Northern Uganda Leads in Polygamy
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New Vision (Kampala)
August 20, 2002
Posted to the web August 20, 2002
About one third of the married women in Uganda are in polygamous marriages, according to the 2001 Uganda Demographic and Health Survey report which was released this year. And, the report indicates that polygamy is increasing.
As part of a broader countrywide survey married women were asked whether they had co-wives, and 32.2% said yes, 66.3% said no, while 0.5% said they did not know. This represents a slight increase from 1995, when a similar survey found that 30.0% of the married women were in polygamous marriages.
The demographic survey found out that of the women in polygamous marriages, two thirds have only one co-wife while one third had two or more. Polygamy was slightly more common in towns than in villages. Also, educated women were slightly less likely to engage in polygamy, compared to women who have never been to school.
However, women with secondary or tertiary education were just as likely as their counterparts who stopped in primary school, to be in polygamy.
All together 31.5% of women with secondary or tertiary education were in polygamous marriages. The figure for those with primary education was 32.0% and for those who had no education at all, 34.8%.
Polygamy was most common in northern Uganda, followed by the central, eastern and western parts of the country. The difference among the regions was narrow except western Uganda, which had a clearly lower prevalence of polygamy. At a closer look, polygamous marriages involving three or more women were more common in central Uganda than in other regions.
The report states that polygamy increases with age. In the 15 to 19 age group, 79% of the married women did not share husbands. But this declined to 60% in the 45 to 49 age group.
The 1995 report revealed that polygamy was more common among educated men while the reverse was true for women. However, the 2001 report did not present the distribution of polygamy among men.
The state minister for gender, Sam Bitangaro, is totally surprised. With increased awareness about AIDS and the campaign for smaller families, he would expect polygamy to reduce. He discourages men from marrying more than one wife. "I would like to think that over the years the level of education and enlightenment has gone up, so the level of polygamy should proportionally come down," he says. Reverand Jackson Turyagenda of the Church of Uganda, says sex has been de-mystified and many people do not feel guilty to take on more than one sexual partner. He says people have become relaxed on the Church family life education. "Some of these things happen accidentally. Somebody picks up a girl and eventually she becomes part of his life," he adds.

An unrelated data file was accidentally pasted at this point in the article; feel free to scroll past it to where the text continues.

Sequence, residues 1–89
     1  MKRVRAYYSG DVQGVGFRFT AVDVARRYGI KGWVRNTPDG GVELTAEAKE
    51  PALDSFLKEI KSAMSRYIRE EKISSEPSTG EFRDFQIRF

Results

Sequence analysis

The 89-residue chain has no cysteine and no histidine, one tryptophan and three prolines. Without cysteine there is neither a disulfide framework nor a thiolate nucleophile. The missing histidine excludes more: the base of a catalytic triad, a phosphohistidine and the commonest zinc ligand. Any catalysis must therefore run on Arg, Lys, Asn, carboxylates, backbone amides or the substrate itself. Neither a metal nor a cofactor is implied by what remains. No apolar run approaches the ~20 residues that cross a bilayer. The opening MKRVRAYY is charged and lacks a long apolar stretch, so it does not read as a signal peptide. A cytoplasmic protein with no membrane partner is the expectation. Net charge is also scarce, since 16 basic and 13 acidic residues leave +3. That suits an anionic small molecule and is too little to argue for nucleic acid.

Turyagenda also says as the economy improves, more men become polygamous because they can afford to sustain more than one wife. "Maybe we are not charging bride price so it becomes cheap to marry," he adds.
But Dr. Edward Kirumira, head of the department of sociology, Makerere University, says it is more to do with social insecurity.
He says that because Uganda does not have a good social security system, many women look for social support in marriage, even if it means becoming a second wife or getting trapped in a polygamous marriage as a first wife.
"It doesn't really surprise me that polygamy is increasing," he says. "In a way women are looking at that as a way of possible social support in a situation where there seems to be no alternative."
Lydia Wanyoto Mutende, a member the East African parliament, says because women are more than men yet society puts them under pressure to marry, she is not surprised that polygamy is increasing. She says society does not respect unmarried women.
But she adds that the figure might be higher this time simply because women are becoming more open and are more prepared to declare that they are in polygamous marriages.
She says despite what religious leaders say, polygamy is a reality and "the faster we accept it the better." She says with laws like the Domestic Relations Bill and the Land Act, women in polygamous marriages who do not come out in the open might be left behind. For instance, she says, a second wife who has children should be entitled to the husband's property.
But she says this might not be possible if they do not come out in the open right from the time of debating laws.
Whatever side of the argument one takes, it remains a fact that no woman likes to share a husband with another. Just like no man would want to share a wife.